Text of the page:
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The church’s bus ministry going “soul winning” in Chicago in 1975.
While reshaping the morals of his followers, Hyles also set about empire building, Independent Baptist–style. His strategy: Send a fleet of buses into some of the roughest neighborhoods in Chicago and northern Indiana, pack them with the poor and underprivileged, and drive them to First Baptist to experience the Gospel according to Hyles. (The “bus ministry” still operates today.)
To critics, this effort appeared to be more about boosting the church’s attendance numbers than about saving souls. But it was wildly effective, says Kaifetz, in part because Hyles made “soul winning” a key criterion for moving up the church ladder or—if you were a man—for being awarded a coveted staff job. The stick was displeasing God, a message hammered home virtually every Sunday. “It’s a continuous guilt trip,” says McGuire.
When the word of God wasn’t enough to entice kids into the buses, recruiters plied them with ice cream, goldfish, pony rides. On a single Sunday in 1975, more than 30,000 people attended services “that began at 9:30 a.m. and concluded at 7:30 p.m.,” reported the Chicago Tribune, prompting Hyles to boast that he had created “the world’s largest Sunday school.”
In fact, the church had by then built its own grammar school, middle school, and high school. In 1972 came the crown jewel: Hyles-Anderson College, an unaccredited divinity school where would-be pastors are taught to export the Hyles approach to churches across the country. Among the best and brightest of the early students—a young man who would eventually win the blessing of Jack Hyles to marry his youngest daughter, Cindy—was Jack Schaap.
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First Baptist had become a nationwide phenomenon, dubbed a “superchurch” by Time. That reknown enabled Hyles to begin crisscrossing the country as the de facto leader of a loose coalition of Independent Fundamentalist Baptist churches. People lined up to give cash to him and his only son, David, who was following in his footsteps. (A poster for one appearance called the Hyleses “The World’s Greatest Men.”)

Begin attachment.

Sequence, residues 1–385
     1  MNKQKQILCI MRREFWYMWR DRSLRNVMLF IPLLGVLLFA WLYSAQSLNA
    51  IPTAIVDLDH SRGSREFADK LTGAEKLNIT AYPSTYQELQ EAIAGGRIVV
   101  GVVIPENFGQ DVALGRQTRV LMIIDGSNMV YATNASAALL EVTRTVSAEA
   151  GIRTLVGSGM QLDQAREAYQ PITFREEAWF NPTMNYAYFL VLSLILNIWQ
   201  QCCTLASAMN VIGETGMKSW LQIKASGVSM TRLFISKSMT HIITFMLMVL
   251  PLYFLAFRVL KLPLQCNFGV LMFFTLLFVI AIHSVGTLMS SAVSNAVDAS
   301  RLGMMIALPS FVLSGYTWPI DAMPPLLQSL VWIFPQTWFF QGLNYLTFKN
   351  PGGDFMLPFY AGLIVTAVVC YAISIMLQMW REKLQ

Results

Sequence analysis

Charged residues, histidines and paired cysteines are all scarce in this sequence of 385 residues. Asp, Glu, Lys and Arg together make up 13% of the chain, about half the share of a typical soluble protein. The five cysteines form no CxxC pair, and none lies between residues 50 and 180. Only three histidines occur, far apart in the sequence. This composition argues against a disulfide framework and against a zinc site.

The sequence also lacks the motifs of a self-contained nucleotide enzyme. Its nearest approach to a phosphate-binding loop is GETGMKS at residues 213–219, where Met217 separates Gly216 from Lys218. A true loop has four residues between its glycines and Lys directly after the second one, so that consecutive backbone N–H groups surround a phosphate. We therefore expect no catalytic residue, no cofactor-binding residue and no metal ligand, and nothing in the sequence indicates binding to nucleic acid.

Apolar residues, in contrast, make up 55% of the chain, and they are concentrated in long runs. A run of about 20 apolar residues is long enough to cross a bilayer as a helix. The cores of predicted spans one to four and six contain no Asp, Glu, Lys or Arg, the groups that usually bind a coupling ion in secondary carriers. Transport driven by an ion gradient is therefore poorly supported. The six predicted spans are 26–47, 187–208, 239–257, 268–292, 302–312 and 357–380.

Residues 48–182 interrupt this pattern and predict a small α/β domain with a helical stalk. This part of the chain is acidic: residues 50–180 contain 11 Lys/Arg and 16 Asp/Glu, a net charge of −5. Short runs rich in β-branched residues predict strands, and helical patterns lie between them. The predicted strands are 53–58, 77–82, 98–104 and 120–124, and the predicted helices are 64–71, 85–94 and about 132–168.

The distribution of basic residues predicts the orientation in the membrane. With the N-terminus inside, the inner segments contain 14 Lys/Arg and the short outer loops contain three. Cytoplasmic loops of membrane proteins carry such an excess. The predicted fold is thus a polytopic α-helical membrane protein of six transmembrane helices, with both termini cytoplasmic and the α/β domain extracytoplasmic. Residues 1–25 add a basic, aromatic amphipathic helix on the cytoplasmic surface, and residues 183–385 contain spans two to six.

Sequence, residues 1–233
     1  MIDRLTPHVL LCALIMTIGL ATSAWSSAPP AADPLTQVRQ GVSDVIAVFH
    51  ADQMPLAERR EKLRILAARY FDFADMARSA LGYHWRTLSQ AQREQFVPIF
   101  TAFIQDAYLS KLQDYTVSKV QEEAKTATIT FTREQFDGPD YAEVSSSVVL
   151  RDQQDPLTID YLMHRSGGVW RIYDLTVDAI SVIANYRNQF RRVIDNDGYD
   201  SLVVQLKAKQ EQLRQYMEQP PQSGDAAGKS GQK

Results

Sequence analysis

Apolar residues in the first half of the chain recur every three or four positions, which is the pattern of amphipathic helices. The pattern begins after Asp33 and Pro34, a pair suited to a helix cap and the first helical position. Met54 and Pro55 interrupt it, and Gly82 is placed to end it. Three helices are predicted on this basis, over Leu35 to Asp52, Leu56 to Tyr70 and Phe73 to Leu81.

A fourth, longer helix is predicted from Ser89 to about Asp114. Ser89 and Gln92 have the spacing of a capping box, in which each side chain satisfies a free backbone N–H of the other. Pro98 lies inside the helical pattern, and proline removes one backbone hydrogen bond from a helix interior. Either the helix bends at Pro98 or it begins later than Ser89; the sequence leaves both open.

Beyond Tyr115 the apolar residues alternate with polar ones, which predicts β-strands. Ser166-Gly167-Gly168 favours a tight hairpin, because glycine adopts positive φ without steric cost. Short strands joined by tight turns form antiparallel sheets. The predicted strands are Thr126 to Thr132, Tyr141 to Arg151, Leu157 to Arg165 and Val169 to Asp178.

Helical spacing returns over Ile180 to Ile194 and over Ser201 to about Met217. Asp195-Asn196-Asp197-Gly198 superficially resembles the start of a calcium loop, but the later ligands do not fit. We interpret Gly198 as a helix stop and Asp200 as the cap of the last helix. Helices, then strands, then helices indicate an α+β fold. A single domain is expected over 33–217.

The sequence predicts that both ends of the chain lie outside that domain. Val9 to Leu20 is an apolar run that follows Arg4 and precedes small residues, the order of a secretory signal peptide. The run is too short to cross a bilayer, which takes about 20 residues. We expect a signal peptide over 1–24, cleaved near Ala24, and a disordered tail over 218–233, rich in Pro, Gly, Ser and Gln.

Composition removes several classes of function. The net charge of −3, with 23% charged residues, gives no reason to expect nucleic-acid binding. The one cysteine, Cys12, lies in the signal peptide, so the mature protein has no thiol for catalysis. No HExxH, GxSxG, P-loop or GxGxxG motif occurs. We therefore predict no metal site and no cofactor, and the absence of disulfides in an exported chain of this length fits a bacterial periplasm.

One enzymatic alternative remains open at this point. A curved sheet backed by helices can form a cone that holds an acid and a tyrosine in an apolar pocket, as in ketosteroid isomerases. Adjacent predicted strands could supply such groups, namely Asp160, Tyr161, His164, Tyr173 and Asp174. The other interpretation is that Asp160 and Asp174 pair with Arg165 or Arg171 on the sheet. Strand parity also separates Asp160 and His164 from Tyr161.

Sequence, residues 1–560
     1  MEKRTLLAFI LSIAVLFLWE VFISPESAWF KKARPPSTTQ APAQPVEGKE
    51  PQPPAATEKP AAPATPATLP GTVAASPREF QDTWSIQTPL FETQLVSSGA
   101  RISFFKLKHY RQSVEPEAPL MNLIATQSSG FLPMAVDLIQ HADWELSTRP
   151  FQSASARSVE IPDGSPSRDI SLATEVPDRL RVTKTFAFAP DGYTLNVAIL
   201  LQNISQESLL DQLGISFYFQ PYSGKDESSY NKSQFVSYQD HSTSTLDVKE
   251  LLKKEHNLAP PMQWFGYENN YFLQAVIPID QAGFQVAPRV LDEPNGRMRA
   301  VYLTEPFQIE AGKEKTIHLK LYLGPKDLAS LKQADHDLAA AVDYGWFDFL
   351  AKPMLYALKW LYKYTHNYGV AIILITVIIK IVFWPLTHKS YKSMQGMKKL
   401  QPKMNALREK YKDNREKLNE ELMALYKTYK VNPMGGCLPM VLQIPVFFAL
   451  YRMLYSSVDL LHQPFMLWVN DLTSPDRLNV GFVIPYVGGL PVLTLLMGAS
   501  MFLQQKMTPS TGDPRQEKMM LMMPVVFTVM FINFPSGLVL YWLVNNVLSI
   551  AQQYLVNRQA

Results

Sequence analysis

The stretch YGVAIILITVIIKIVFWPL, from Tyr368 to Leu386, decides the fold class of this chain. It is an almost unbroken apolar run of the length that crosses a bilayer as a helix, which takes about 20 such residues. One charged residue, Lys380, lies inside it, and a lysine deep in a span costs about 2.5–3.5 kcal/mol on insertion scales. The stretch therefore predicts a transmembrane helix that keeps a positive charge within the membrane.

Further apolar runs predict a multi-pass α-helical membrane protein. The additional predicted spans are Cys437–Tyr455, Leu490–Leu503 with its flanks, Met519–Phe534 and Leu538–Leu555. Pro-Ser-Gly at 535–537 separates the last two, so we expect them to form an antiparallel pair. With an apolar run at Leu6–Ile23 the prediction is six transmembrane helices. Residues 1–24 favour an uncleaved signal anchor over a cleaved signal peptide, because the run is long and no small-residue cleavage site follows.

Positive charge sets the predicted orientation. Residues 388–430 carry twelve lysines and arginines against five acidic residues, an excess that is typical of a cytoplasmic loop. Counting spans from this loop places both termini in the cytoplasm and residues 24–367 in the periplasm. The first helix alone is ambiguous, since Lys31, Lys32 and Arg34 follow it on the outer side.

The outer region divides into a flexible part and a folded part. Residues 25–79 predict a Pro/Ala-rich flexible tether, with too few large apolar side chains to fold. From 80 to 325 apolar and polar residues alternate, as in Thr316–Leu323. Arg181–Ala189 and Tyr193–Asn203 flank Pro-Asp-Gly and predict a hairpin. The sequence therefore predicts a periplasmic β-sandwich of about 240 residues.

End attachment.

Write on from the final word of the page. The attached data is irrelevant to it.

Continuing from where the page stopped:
The flock grew to include prominent business leaders such as Austin “Jack” DeCoster, the former egg mogul who by some estimates has given tens of millions to First Baptist and has two church buildings named for him. (DeCoster left the egg industry in 2011 after his company’s products caused a massive salmonella outbreak.) Money poured into the church in other ways: the tithes collected each Sunday, a book-publishing arm, and various conferences and seminars.
The influx of cash enabled First Baptist to buy large parcels of real estate around Hammond—and enabled Hyles to buy loyalty. “A lot of discretionary income flowed through his hands,” says a former church member. “So he would pay for people’s surgeries and pay for people to get their teeth fixed.”
By the late 1980s, the church was reaching its apotheosis. (Attendance peaked in the early 1990s, when more than 20,000 people came to services each Sunday, making First Baptist the largest church in the nation.) “We were all of a sudden part of the most successful operation, the most successful movement, you have ever seen or heard about,” Kaifetz says. “That’s why people just fell all over each other to exalt [Hyles].”
The level of devotion—and control—sometimes strayed into the absurd. Female students at Hyles-Anderson, Busby recalls, underwent sporadic “pajama inspections.” If the tops and bottoms didn’t match, says Busby, dorm supervisors would sometimes “make us strip right there and put on an approved set.”
The pajama-clad young women would gather in the chapel to wait for Hyles. When he entered, “we would all stand on the pew and sing, ‘We love you, Preacher. Oh yes, we doooo. We don’t love anyone as much as you!’ Then he would call us ‘Poopsy-Woopsy’ and give us pizza and money.”
To go off campus to buy pantyhose—required wear for women—“we needed a special pass,” Busby says, “and had to have three chaperones. Yet they would drop us off in rough neighborhoods for eight hours on our own to go soul winning.”
Hyles kept close watch over the college’s curriculum to make sure it met his standards and was suitable for export to churches across the country. “He would write the Sunday lessons, and he would teach the teachers what he wanted them to say on the Wednesday night before the church service,” says a former member.
For the benefit of any doubters, Hyles demonstrated his power in the middle of a sermon one Sunday. “Notice the bones and the skull there,” he said as he raised a cup into which he told the congregation he was going to pour poison. “Now if I walked up to you tonight and I said to you, ‘I’ve got something I want you to drink . . .’ In fact”—he turned to Johnny Colsten, one of the men on the stage with him—“I’d like for you, if you don’t mind, to drink this.”
Colsten, currently an associate pastor at First Baptist, did not hesitate. If Hyles wanted him to drink, he would.
Photograph: Courtesy of Jerry Karifetz